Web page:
What’s one thing you wish people would be more open to?
I wish people would gravitate more toward sake, but that’s really hard. They just can’t get into it. For some pairings, sake just works, and sake is rarely ever bad for a dish. When you work with things like bonito, dishes that have a lot of umami, it can be fantastic. But we pour sake only once or twice a year. It’s always a very textual match, and the acidity is never clashing.
You note that wine sales have definitively increased this year. Where is that growth coming from?
We went to two somms on the floor, so it allows us more detailed time with each table, and allows us to find more fun and interesting things for them.
We’ve been hearing a lot about Champagne this year, and two Champagnes—Cédric Bouchard and Billecart-Salmon—made your top-ten list. Is that normal, or did you see an up tick in Champagne?
Our Champagne list is a strong part of our program. We offer four to five Champagnes by the glass, from small growers to big houses, plus ten or twelve half-bottles. Champagne is really one of my biggest passions.
How high-end have you been able to go for by-the-glass Champagne?
We’ve been pouring Krug for a long time. I changed that to the 2000 Billecart-Salmon Cuvée Nicolas-François, at $48 a glass.
What was the most exciting bottle of wine that you opened at Cyrus this year?
Probably a 1975 Pierre Peters Premier Cru. It had no carbonation left, but he’s one of my absolute favorite growers. Mesnil-sur-Oger didn’t have Grand Cru status yet in 1975. For me, that wine drinks like old Burgundy: oxidative but powerful, racy, great acidity, just a beautiful bottle of wine.
How did a German silvaner end up on your top ten list, the Hans Wirsching Franken Silvaner Grosses Gewächs Julius-Echter-Berg?
I think Hans Wirsching is one of the great wineries in the world, and that is just a magical bottle of wine. We pour a lot of Grosses Gewächs. It’s such a versatile wine with our food pairings because it’s so aromatic, but also has texture. I turn people onto that wine and people just freak out about it. You can take it all the way to the meat course.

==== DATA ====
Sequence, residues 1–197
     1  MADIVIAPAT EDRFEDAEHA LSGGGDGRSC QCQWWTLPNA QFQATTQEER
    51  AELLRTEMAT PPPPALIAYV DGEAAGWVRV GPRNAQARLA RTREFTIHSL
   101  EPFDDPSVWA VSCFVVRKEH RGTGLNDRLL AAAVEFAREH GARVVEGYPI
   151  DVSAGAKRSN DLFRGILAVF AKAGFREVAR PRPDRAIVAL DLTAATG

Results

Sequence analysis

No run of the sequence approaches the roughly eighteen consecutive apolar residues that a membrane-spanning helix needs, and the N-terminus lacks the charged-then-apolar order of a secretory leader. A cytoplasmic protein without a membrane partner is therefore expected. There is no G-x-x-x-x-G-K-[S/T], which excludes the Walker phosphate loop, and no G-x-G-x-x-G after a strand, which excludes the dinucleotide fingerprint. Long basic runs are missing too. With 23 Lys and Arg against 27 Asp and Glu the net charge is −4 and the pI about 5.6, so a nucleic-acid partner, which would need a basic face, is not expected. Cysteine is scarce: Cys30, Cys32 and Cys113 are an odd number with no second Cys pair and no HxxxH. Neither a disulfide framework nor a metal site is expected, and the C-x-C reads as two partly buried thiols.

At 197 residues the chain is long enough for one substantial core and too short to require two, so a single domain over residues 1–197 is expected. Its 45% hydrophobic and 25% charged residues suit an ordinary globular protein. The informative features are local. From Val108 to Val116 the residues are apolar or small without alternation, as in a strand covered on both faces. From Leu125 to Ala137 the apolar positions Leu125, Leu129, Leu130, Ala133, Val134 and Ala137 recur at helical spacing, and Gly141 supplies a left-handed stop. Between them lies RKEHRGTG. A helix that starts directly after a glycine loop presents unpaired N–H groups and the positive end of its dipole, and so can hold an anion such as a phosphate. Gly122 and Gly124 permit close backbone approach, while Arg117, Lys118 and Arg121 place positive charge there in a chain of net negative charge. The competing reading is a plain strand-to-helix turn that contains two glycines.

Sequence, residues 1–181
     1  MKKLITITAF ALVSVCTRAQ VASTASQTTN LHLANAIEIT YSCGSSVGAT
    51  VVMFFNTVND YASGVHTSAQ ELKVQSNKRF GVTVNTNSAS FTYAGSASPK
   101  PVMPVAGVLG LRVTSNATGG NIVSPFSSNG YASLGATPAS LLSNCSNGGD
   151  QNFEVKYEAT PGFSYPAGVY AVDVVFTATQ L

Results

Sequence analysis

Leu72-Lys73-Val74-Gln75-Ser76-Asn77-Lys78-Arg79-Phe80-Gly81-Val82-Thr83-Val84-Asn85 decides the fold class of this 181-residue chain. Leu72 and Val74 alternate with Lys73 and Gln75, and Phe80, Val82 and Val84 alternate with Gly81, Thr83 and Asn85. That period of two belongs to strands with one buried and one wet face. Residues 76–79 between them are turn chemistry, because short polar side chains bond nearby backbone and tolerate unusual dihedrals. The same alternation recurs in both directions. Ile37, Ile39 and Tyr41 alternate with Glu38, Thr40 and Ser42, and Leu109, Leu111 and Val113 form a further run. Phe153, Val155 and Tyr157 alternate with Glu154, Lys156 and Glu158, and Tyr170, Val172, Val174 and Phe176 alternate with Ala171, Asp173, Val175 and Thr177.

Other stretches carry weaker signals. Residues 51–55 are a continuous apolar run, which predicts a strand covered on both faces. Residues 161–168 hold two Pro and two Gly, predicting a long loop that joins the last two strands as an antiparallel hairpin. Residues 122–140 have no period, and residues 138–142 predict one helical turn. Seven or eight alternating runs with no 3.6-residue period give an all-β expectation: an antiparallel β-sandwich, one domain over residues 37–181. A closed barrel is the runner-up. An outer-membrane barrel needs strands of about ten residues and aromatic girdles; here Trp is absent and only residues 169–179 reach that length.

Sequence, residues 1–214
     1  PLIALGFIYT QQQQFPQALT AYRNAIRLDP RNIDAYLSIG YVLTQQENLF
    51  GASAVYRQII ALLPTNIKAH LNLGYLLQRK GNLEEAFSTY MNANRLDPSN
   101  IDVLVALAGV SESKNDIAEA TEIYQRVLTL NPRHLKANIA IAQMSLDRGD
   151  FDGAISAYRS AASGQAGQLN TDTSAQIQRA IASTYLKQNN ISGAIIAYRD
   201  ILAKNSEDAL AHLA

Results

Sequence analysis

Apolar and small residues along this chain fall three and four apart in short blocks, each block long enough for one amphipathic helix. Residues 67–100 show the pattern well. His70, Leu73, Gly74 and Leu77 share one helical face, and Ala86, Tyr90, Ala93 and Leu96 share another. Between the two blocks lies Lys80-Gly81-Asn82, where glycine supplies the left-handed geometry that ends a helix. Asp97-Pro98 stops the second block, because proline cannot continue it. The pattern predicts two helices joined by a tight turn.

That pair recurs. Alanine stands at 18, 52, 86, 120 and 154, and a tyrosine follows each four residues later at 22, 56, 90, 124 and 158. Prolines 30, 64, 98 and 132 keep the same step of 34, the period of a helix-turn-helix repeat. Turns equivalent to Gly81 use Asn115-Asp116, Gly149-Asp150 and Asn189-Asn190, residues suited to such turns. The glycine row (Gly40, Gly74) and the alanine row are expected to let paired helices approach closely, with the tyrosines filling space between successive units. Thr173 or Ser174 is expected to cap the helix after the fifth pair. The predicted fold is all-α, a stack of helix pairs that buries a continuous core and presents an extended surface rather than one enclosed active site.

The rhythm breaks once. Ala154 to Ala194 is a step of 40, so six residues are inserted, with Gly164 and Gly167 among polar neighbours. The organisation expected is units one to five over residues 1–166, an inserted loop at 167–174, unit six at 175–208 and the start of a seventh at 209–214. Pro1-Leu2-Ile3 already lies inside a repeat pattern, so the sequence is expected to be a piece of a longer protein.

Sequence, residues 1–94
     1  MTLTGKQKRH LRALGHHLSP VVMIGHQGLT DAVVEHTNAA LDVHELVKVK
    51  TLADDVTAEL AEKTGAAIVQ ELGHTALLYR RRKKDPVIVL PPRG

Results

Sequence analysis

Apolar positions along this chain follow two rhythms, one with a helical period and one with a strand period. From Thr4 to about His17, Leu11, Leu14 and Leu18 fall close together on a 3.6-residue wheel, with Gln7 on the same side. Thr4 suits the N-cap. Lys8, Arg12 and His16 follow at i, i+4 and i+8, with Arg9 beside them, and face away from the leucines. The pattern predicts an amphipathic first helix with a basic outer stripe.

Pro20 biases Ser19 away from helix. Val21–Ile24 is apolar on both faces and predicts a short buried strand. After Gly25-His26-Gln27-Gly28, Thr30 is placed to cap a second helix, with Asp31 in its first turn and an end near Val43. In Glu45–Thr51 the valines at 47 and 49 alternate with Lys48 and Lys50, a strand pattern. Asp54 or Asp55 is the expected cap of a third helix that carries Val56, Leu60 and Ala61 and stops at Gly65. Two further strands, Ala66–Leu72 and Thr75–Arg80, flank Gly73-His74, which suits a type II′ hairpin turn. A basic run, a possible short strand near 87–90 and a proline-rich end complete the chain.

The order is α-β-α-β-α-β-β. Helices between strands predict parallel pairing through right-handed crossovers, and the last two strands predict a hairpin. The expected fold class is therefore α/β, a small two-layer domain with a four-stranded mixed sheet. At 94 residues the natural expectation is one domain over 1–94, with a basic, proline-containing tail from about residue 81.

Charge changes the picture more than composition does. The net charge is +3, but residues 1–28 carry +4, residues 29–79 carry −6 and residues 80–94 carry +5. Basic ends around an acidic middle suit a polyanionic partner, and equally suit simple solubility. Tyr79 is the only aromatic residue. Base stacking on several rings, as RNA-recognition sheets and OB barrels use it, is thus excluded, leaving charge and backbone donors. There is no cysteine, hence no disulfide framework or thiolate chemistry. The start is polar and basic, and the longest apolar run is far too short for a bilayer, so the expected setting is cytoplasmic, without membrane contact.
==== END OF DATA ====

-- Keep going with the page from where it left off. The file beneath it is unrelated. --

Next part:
Another wine that did well was the 1993 R. López de Heredia Viña Tondonia Blanco. Do you have to steer people toward that wine, or contextualize it for them?
When we pour that wine, we tell people about it: aged 19 years at the bodega, etc. We’ve probably gone through 9-12 cases of it. Normally with our pairings we offer a choice, but with that pairing we just do this one wine. It’s with the pan-roasted John Dory with yuzu kosho butter, charred romaine and dashi. There’s a smoky richness to the wine that connects with the dashi, and it’s fun for us because it’s a wine that people really are amazed by. Most people haven’t seen a white wine that’s 19 years old. And when they taste a wine that’s perfectly oxidative, they love it. But this is a wine where you can’t just pour it and walk away from the table.
A Jacques Puffeney Arbois also ended up on your top ten list. How are you turning people onto that?
It’s another pairing. We do it with the chestnut and Sherry soup. It’s another oxidized wine, which can even be perceived as a flaw sometimes for people who make wine. But clean oxidation is really mind-opening. As the wine opens up, it spans the whole nutty spectrum from almonds to walnuts and then chestnuts.
You seem to be really killing it with Madeira. Why is that, and when did that start?
When you get into Terrantez and Sercial, the drier styles, the exiting thing for me about Madeira is the ability to showcase it with savory pairings, like foie gras. And then the sweetness of a Malvasia really picks up on the caramelly quality of butterscotch in a dessert. The versatility they have is what makes those wines so much fun.
What’s one producer you added to the list this year that you’re particularly excited about?
Cédric Bouchard. Everything I taste from him blows me away. From his entry level Inflorescence label, which he sources from some vineyards that his father farms, all the way to his Roses de Jeanne wines. It’s the complete opposite of what we think Champagne is: it’s not a mix of grapes, not a multi-vintage, and it’s from the Côtes des Bar, which traditionally doesn’t have much of a reputation.
Longtime senior editor at Wine & Spirits magazine, Luke now works for the Stanford Technology Ventures Program.